One of my favorite phrases is “never say never,” applied to everything from trying new foods, to new sports, or even dating partners. I’m pretty open to new experiences and I think everyone should be just because it helps you grow so much. You never know if you’ll like something or if something will work until you actually try it.
But sometimes I don’t live by my advice. Sometimes there are things I just don’t get – things that everyone won’t shut up about, things that I believe to be vastly overrated or dumb or trendy, things I professed for months or even years that couldn’t be that great. But then, sometimes I actually do try these things and they absolutely live up to the hype. In these instances, I love being wrong.
Like Experia Thorlos and anything overpriced by Nike, I thought, how could an athletic sock be any better than another? It’s a cotton tube for your foot and it just gets pressed up against your shoe anyway. I even bought a pair of Swiftwicks to try because I loved their packaging/design so much, but they sucked. They were Zeros, the no-show height, and they slid down inside my shoes. Fail.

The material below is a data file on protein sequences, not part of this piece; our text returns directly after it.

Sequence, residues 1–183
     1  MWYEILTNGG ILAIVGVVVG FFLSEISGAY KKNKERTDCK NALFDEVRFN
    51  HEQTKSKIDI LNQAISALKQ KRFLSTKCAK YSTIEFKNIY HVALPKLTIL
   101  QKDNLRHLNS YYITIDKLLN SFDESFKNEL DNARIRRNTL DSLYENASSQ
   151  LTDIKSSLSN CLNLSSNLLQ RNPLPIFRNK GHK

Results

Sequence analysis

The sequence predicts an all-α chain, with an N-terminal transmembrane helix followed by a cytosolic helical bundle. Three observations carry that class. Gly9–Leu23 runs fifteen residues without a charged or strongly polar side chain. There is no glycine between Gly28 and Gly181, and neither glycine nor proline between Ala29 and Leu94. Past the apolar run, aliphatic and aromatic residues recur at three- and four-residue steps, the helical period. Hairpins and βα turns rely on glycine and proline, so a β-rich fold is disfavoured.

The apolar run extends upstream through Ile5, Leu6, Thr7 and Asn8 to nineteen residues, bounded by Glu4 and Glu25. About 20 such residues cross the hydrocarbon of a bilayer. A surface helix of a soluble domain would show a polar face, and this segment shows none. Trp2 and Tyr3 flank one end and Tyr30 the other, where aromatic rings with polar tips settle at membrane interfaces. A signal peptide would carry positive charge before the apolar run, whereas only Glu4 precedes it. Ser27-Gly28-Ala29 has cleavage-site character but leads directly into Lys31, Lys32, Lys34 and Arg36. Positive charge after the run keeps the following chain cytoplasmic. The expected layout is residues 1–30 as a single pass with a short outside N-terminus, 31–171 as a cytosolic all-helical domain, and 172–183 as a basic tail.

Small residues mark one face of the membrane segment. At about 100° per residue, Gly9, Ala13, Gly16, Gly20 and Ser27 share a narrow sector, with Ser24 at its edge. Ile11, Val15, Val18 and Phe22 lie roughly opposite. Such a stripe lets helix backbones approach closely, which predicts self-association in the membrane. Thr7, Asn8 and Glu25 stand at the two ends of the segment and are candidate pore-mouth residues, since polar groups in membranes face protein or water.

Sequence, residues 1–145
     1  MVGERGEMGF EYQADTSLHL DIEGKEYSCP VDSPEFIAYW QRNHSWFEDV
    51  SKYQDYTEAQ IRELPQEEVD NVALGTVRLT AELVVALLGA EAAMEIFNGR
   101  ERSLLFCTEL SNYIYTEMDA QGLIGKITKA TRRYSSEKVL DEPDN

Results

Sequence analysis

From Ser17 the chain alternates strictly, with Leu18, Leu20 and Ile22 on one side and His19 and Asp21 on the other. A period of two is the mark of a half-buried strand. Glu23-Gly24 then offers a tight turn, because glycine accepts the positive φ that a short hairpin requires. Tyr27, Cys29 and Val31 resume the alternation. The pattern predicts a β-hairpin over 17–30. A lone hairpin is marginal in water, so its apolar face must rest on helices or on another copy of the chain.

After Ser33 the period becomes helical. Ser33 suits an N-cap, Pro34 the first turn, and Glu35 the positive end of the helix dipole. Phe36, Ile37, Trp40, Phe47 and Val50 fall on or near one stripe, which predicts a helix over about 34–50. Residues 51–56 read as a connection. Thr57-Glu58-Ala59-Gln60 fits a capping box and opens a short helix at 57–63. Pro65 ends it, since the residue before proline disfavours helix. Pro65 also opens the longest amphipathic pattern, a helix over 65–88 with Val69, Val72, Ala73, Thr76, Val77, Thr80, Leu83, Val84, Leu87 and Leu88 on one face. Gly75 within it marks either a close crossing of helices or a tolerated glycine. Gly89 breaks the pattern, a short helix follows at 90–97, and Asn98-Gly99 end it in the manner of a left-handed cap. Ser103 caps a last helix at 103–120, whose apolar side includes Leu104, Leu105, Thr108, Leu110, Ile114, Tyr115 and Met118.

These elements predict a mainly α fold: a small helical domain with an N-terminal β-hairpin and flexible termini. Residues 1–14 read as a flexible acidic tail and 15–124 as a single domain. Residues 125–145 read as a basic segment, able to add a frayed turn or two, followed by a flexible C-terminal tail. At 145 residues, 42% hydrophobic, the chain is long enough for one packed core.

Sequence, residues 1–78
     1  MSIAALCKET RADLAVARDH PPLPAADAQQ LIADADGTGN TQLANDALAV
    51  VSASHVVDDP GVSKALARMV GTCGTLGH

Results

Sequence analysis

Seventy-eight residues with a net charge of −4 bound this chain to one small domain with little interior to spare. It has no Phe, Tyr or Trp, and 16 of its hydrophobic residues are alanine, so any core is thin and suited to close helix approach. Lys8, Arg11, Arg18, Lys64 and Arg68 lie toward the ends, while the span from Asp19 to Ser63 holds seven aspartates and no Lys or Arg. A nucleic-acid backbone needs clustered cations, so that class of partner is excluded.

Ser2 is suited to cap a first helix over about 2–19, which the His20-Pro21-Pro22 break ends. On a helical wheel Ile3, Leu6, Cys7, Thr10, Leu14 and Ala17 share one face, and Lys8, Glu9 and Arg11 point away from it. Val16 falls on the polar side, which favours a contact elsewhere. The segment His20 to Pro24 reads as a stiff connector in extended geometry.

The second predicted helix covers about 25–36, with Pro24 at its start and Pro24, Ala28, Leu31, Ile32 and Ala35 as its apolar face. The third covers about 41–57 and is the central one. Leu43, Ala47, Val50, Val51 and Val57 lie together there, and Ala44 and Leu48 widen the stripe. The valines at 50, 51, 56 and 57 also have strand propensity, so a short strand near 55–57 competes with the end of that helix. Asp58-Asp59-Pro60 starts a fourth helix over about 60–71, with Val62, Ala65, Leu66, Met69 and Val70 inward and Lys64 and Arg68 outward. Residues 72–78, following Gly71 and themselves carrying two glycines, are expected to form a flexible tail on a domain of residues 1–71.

But then … an eager sales rep literally chased me down between booths at The Running Event (a running industry trade show) and gave me a couple pairs of their compression socks. I was wearing a walking boot at the time thanks to a stress fracture, and he described what a difference socks could make with devices like that – he was right, the boot was pretty toasty.
I wore the socks for cycling a few weeks later, and with my boot, as recommended. And my mind was blown. These socks WERE different. They were smooth, had just the right level of compression (I had the Sevens, a mid-calf sock, and Twelves, a full knee sock), they managed temperature well, and they had these cool logos on the back of the calves that just felt, swag. There was something transcendent about that sock. Swiftwick, you rule.